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Clinical features and temporal changes of RT-PCR and chest CT in COVID-19 pediatric patients
  • +5
  • Wei Xia,
  • Yu Guo,
  • Zhiyao Tian,
  • Yan Luo,
  • Daoyu Hu,
  • Jianbo Shao,
  • Zhen Li,
  • Ihab R Kamel
Wei Xia
Wuhan Childrens Hospital
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Yu Guo
Wuhan Childrens Hospital
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Zhiyao Tian
Wuhan Children's Hospital (Wuhan Maternal and Child Healthcare Hospital), Tongji Medical College, Huazhong University of Science and Technology
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Yan Luo
Tongji Hospital, Tongji Medical college, Huazhong University of Science and Technology
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Daoyu Hu
Tongji Hospital of Tongji Medical College of Huazhong University of Science and Technology
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Jianbo Shao
Wuhan Childrens Hospital
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Zhen Li
Tongji Hospital, Tongji Medical college, Huazhong University of Science and Technology
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Ihab R Kamel
Russell H Morgan Department of Radiology & Radiological Sciences, Johns Hopkins Hospital, Johns Hopkins Med Inst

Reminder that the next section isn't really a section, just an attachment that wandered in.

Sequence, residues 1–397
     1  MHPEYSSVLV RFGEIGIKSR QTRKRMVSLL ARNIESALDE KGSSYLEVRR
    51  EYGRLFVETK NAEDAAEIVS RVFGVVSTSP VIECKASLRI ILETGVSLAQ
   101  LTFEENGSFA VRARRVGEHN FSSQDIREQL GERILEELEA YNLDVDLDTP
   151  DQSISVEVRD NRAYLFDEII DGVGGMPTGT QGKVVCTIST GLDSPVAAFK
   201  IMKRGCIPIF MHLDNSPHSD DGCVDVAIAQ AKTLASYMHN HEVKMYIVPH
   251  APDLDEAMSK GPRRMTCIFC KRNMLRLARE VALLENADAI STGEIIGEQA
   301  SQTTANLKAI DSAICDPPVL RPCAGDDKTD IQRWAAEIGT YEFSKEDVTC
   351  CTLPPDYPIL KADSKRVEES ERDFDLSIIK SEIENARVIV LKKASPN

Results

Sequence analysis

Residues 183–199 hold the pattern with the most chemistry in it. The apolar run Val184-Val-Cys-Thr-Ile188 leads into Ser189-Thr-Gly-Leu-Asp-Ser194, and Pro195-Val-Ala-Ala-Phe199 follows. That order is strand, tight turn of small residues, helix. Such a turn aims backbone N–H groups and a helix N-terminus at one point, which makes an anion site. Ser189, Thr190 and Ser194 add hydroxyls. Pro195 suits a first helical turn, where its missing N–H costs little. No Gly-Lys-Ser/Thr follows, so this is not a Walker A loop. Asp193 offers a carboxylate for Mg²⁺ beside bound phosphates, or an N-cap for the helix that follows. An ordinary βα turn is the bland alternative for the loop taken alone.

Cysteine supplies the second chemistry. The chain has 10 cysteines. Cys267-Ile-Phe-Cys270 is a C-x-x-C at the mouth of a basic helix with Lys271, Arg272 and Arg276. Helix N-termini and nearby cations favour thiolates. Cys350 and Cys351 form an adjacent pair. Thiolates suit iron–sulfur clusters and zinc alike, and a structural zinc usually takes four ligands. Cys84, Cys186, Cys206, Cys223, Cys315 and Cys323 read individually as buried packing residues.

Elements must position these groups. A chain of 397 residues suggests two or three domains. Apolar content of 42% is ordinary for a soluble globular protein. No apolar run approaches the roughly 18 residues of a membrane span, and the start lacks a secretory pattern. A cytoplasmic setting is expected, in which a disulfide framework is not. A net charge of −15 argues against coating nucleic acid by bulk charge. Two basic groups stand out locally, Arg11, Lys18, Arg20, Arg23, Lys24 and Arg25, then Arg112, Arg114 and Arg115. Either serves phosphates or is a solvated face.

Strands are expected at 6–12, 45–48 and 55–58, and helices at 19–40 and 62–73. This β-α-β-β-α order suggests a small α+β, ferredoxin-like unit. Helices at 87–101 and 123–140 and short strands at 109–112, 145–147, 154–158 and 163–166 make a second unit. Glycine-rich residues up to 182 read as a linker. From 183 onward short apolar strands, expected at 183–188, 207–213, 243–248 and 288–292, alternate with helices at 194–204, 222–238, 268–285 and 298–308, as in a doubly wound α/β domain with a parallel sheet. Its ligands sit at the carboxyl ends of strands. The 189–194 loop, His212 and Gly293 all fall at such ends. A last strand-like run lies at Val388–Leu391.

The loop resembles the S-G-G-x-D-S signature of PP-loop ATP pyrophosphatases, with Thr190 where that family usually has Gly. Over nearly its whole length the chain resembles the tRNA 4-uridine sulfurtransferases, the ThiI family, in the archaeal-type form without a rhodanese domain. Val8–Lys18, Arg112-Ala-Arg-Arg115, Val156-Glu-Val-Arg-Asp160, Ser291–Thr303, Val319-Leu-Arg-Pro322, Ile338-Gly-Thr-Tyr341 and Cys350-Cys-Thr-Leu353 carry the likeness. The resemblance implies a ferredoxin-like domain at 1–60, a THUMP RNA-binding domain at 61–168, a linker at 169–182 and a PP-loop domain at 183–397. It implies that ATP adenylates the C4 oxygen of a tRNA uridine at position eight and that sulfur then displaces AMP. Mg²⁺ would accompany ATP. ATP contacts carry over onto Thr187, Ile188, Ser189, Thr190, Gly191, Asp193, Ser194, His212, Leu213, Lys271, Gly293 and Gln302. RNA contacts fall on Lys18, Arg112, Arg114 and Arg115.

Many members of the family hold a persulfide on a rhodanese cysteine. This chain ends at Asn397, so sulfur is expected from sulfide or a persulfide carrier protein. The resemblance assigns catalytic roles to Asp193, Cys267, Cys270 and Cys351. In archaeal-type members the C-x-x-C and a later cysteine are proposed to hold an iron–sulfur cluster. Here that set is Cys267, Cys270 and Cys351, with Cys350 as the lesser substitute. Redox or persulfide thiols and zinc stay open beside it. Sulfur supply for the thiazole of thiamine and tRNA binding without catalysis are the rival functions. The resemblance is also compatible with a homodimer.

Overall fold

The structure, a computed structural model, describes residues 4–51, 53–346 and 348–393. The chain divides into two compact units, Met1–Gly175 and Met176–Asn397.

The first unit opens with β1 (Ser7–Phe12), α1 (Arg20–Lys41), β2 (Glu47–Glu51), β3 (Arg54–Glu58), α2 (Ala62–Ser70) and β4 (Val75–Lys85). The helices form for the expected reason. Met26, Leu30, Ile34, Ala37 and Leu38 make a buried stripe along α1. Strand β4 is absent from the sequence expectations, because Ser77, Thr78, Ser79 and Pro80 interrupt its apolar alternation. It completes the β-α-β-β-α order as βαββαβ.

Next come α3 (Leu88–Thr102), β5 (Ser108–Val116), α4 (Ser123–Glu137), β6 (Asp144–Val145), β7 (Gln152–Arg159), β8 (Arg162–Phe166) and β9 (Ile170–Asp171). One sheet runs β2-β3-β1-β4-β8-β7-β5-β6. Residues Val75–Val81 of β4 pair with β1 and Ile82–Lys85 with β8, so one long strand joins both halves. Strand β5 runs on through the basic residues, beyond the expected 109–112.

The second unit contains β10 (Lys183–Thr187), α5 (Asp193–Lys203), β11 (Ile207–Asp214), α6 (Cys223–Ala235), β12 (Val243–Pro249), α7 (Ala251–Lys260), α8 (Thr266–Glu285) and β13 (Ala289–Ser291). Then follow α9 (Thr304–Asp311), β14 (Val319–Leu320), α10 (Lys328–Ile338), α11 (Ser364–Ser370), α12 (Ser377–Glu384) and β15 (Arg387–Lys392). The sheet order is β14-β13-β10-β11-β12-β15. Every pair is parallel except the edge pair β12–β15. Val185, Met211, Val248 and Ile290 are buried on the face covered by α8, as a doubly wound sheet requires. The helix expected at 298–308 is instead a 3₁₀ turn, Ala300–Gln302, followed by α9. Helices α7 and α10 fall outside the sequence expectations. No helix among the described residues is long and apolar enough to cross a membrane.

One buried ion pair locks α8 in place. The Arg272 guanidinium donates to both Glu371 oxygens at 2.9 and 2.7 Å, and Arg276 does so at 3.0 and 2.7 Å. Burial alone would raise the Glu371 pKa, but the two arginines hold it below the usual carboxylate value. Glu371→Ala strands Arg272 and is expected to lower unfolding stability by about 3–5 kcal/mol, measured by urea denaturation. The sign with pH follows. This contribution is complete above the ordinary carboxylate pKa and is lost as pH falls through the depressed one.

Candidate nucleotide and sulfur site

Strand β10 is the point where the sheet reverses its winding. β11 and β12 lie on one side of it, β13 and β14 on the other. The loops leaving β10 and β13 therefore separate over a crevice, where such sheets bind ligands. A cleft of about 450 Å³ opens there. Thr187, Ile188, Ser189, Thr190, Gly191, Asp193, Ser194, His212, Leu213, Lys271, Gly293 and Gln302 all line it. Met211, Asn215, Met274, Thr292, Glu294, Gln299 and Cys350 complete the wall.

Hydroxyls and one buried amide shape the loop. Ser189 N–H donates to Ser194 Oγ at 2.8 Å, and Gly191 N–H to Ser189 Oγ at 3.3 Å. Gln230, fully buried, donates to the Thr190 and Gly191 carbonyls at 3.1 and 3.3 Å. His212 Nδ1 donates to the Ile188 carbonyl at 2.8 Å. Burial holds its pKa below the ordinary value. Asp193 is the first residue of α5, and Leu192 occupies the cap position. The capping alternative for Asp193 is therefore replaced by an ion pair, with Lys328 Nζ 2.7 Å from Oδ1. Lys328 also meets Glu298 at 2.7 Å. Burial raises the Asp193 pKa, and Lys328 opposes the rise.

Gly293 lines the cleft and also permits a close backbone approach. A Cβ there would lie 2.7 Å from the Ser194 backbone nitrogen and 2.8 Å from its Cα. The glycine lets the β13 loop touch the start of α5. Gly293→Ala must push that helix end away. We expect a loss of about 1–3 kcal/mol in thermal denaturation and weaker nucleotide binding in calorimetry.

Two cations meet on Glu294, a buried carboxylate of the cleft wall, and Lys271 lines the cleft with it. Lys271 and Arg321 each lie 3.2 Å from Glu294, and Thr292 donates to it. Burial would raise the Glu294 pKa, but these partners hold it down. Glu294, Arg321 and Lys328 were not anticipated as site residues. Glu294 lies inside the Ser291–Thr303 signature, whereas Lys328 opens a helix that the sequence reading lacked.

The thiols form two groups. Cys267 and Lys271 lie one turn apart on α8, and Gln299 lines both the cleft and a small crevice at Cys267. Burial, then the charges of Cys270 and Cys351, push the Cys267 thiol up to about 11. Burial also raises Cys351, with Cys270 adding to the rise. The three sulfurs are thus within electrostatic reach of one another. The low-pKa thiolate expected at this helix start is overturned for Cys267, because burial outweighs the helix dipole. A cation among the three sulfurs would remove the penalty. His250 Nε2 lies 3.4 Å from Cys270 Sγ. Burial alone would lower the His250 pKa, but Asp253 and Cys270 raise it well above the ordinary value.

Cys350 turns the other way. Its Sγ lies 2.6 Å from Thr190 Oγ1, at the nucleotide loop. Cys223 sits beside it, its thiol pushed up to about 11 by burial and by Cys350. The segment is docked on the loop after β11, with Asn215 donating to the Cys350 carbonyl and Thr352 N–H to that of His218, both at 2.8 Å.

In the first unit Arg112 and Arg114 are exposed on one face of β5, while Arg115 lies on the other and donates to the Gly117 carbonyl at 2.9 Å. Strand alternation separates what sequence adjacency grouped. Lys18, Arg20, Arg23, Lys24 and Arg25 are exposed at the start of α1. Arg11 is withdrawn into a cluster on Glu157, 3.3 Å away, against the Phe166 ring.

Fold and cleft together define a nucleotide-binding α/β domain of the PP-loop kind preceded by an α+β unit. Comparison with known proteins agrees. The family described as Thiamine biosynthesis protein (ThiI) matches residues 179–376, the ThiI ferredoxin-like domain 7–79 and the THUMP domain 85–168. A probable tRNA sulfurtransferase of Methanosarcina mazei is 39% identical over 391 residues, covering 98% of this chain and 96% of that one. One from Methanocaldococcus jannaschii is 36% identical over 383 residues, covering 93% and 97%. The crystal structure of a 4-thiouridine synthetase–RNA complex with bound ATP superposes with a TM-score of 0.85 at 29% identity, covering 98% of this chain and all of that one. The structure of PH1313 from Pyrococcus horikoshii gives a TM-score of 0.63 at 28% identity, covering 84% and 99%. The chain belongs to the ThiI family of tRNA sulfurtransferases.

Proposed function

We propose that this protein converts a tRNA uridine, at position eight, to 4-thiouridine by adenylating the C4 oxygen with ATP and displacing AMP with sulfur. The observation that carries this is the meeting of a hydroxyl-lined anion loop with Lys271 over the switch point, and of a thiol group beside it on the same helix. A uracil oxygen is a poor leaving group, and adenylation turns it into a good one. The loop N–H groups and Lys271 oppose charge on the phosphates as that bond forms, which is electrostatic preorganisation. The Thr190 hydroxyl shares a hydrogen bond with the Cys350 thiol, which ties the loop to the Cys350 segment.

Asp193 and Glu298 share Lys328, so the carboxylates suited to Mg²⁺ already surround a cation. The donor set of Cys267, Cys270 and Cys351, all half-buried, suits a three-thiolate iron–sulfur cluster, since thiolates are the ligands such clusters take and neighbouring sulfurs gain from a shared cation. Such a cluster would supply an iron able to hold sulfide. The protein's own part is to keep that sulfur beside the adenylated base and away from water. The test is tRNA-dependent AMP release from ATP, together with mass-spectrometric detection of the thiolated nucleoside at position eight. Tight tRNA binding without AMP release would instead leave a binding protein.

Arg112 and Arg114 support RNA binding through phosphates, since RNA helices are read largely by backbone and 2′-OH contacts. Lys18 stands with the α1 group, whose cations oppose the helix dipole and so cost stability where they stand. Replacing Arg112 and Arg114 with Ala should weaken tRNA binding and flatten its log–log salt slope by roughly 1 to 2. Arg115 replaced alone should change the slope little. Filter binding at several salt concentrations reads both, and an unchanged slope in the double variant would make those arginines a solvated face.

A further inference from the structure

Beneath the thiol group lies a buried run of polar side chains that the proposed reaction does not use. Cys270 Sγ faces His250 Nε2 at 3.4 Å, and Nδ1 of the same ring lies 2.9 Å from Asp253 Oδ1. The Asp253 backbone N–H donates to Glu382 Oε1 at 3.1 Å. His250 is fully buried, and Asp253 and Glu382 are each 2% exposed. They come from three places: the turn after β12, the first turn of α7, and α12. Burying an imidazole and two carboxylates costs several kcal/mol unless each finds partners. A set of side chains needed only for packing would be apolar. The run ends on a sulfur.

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Peer review status:UNDER REVIEW

09 Jun 2020Submitted to Pediatric Pulmonology
10 Jun 2020Assigned to Editor
10 Jun 2020Submission Checks Completed
11 Jun 2020Reviewer(s) Assigned
30 Jun 2020Review(s) Completed, Editorial Evaluation Pending

Abstract

Purpose: To investigate the clinical features and temporal changes of RT-PCR and CT in COVID-19 pediatric patients. Methods: Clinical, RT-PCR and CT features of 114 COVID-19 pediatric inpatients were retrospectively reviewed from January 21st to March 14th 2020. All patients had chest CT on admission and were identified as positive pharyngeal swab nucleic acid test. Clinical features were analyzed, as well as the features and temporal changes of RT-PCR and CT. Results: Fever (62, 54%) and cough (61, 54%) were the most common symptoms. There were 34 (30%) cases of concurrent infections. The most common imaging features on CT were ground-glass opacities (46, 40%) and consolidation (46, 40%). The bilateral lower lobes were the most common pattern of involvement, with 63 cases (55%) involving 1-2 lobes, and in 32 (28%) cases CT was normal. Through the whole duration of COVID-19 in children, the diagnostic positive rate of RT-PCR has been far higher than that of CT (All P<·05). For RT-PCR follow-up, reliable negative results were obtained only 7 days after the onset of symptoms. Though Lung involvement on chest CT progressed rapidly in several cases, lung involvement in children with COVID-19 is mild, with a median value of 2 on CT score. Conclusion: RT-PCR is more reliable than CT in initial diagnosis of pediatric patients with COVID-19. On follow up, reliable RT-PCR results are available 7 days after initial symptoms. Only if necessary, CT could be used for follow-up.